Snippets from the world of International Finance

Amidst Russia’s revanchist war against Ukraine starting last week, there is lots of ink on the financial markets and the sequence will hit the global economy. The flurry of events has shattered the hopes of steady global economic recovery and have only increased the geopolitical tensions, laying a path for high inflation and supply chain bottlenecks. The West’s response has been ad nauseam and those touting this invasion as an anti-imperialist act from Russia cannot be more wrong. While no war brings out the best, the Western media’s reporting of the situation has been insensitive at best (TW: racism at play). Overall the situation is that of an informational mess. There are a lot of nuances to the current situation and a lot more than just the stock market tumult, many key media portals have relaxed their paywalls for the reportage on Ukraine, while some e-zines are proving to be a great source too. The situation makes us realize that war is not an interruption of peace or a failure of diplomacy or capitalism, it is one of the solutions.

In an extra-judicial attempt, the Belmarsh Tribunal sat for its third session on February 26th with testimonies from witnesses including Alice Walker, Angela Richter, Austin González, Balthesar Garzón, Chris Hedges, Clare Daly, Claudia De la Cruz, Cornel West, Golriz Ghahraman, Guillaume Long, Jeremy Scahill, Jodi Dean, Milo Rau, Nancy Hollander, Nathan Fuller, Nick Estes, Noam Chomsky among others. Inspired by the Vietnam War tribunals of the late 1960s organized by Bertrand Russell and Jean-Paul Sartre putting the US government on trial for its war crimes, the Belmarsh Tribunal intends to expose the crimes of the so-called War on Terror 20 years after the first prisoners were brought to Guantánamo Bay with a call for Julian Assange’s freedom.

COVID-19 has shown how critical it is to radically redesign the economic system in a way that guarantees everyone’s safety and security. It requires us to move beyond the calls from leaders to “Build Back Better”, and for a “Great Reset” of capitalism. What do we need for this transformation? The Center for Economic and Social Rights has come up with an incredible and easy to read primer on human rights and economic recovery from COVID. This primer delves into the structural injustices that COVID-19 has exposed, the interpretation of  ‘just economic recovery’ from the lens of human rights obligations and means and methods to hold to account those in power.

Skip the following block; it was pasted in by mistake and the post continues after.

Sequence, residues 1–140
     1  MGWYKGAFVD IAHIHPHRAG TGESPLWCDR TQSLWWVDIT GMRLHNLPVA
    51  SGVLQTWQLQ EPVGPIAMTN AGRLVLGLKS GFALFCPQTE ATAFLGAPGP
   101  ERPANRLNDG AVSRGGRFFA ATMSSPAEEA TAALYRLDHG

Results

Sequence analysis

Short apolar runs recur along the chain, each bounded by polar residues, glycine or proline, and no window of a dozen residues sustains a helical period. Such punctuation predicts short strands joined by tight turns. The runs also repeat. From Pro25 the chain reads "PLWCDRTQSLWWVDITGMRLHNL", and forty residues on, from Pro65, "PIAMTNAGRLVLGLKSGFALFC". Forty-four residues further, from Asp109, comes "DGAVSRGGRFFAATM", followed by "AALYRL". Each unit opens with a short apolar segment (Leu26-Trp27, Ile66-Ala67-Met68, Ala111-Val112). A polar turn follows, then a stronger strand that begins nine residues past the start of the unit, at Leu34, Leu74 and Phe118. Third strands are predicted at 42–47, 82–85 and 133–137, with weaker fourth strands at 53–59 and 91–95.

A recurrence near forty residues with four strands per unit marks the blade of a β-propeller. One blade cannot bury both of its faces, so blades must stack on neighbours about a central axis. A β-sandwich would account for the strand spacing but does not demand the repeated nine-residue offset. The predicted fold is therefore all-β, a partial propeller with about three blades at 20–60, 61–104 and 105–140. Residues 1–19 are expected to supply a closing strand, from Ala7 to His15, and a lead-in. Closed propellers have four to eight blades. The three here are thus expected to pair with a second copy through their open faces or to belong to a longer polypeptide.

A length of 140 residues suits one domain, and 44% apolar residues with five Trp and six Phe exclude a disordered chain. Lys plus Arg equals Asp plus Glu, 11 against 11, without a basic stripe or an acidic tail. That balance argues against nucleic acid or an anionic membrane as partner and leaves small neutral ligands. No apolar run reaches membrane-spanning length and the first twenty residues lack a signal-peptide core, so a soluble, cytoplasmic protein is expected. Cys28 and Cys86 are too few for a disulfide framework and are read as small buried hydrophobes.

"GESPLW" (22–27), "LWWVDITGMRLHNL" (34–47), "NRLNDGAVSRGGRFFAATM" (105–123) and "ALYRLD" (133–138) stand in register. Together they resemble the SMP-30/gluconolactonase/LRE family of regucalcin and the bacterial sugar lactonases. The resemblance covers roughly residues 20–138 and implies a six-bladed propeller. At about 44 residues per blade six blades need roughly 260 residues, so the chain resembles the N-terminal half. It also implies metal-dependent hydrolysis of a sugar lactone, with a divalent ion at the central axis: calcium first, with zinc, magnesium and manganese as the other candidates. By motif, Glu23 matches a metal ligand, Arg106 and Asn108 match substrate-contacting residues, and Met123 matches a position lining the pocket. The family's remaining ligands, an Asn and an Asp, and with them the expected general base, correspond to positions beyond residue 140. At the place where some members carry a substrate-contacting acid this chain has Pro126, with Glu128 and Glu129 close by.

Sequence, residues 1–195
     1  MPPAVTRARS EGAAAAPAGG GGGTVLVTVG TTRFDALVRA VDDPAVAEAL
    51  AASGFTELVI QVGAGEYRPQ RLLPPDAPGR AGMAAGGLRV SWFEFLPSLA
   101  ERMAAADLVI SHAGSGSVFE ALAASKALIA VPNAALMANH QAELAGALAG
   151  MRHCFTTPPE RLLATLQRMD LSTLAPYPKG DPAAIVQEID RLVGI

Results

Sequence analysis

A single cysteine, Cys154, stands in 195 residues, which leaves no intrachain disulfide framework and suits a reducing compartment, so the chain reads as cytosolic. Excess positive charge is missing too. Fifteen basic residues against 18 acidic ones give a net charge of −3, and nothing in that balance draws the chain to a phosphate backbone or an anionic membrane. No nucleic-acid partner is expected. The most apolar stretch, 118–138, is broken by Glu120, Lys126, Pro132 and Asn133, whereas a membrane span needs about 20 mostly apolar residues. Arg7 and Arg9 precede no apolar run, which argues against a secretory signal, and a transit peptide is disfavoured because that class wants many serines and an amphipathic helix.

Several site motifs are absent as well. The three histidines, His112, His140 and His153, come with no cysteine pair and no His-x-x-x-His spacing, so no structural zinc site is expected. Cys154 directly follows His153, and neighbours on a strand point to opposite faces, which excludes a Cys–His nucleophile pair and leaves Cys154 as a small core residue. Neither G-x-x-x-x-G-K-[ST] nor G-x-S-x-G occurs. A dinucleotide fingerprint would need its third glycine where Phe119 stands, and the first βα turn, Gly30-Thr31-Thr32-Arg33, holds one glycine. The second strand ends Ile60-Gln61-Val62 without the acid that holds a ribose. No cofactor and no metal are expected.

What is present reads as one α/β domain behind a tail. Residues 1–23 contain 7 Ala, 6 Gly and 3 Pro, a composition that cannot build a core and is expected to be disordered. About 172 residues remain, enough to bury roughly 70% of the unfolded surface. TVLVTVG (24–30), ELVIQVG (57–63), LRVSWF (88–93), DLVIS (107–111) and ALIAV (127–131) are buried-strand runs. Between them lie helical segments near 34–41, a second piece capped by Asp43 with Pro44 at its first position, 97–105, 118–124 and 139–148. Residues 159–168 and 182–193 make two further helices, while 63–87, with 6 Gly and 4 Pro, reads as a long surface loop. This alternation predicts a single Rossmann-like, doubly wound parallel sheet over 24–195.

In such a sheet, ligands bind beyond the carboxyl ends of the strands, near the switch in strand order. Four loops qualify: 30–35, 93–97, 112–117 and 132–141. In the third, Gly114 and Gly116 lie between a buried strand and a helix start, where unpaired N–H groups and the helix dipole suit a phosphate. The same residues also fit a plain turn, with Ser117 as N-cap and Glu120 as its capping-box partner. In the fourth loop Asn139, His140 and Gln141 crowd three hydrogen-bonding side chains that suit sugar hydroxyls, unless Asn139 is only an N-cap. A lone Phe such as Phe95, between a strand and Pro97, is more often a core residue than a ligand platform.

Credit Suisse Leak

The claim of the 2011 OECD paper is officially wrong: the era of bank secrecy is far from over, reveals the historic leak of Swiss banking records. Last week’s Suisse Secrets leak confirms civil society’s long-held concerns that trusts can be used to circumvent transparency rules and hide money. An international group of journalists under the Organized Crime and Corruption Reporting Project (OCCRP) and coordinated by the Süddeutsche Zeitung published a broad range of articles about the leak. At the core of the scandal is leaked data from the bank Credit Suisse, with information concerning more than 18,000 bank accounts. Reviews of these OCCRP articles by experts brings forth another aspect as to why these accounts should not have been allowed to bank at Credit Suisse at all. With this news flaring up, experts have also raised concerns about Switzerland’s banking secrecy laws that are effectively meant to silence insiders or journalists who may want to expose wrongdoing within a Swiss bank.

At the World Trade Organization

In an email sent to members on 17 February, the General Council (GC) chair, Ambassador Dacio Castillo from Honduras, said “the possible windows for a reconvened MC12 are: 2 to 4 June 2022, or the week of 13 June 2022.” Apparently, several countries have expressed their preference for reconvening the World Trade Organization’s 12th ministerial conference (MC12) in the week beginning on 13 June. The US and the EU are expected to hold a high-level dialogue on 15-16 May, as part of the Trade and Technology Council (TTC),  in France. Many in the observer circles have touted this as a move for these countries to align their positions on the crucial agenda items for MC12 such as fisheries subsidies, dispute settlement, proposed WTO reforms, and the WTO’s response to the pandemic among others.

On 25th February, some changes to the appointment of the chairs of the various subsidiary bodies took place. The Swiss trade envoy Ambassador Didier Chambovey is expected to take over as the new chair of the WTO’s General Council on 24 February, replacing the much-praised GC chair Ambassador Dacio Castillo from Honduras, while Athaliah Lesiba Molokomme is likely to replace Ambassador Chambovey as the new chair of the Dispute Settlement Body.